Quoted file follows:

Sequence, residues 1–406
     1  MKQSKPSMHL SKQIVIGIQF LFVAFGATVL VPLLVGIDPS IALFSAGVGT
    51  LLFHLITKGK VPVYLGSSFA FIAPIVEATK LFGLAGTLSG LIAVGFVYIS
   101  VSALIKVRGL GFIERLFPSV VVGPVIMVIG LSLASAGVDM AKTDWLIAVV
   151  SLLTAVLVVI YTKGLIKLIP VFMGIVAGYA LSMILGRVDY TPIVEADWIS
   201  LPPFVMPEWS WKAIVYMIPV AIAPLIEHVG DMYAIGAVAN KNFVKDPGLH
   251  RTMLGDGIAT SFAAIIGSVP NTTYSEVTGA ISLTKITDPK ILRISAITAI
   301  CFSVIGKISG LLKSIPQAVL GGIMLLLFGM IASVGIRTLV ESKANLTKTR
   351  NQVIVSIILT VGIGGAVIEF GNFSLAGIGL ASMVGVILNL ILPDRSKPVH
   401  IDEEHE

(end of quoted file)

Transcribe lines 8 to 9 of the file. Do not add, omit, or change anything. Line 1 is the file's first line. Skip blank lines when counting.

   301  CFSVIGKISG LLKSIPQAVL GGIMLLLFGM IASVGIRTLV ESKANLTKTR
   351  NQVIVSIILT VGIGGAVIEF GNFSLAGIGL ASMVGVILNL ILPDRSKPVH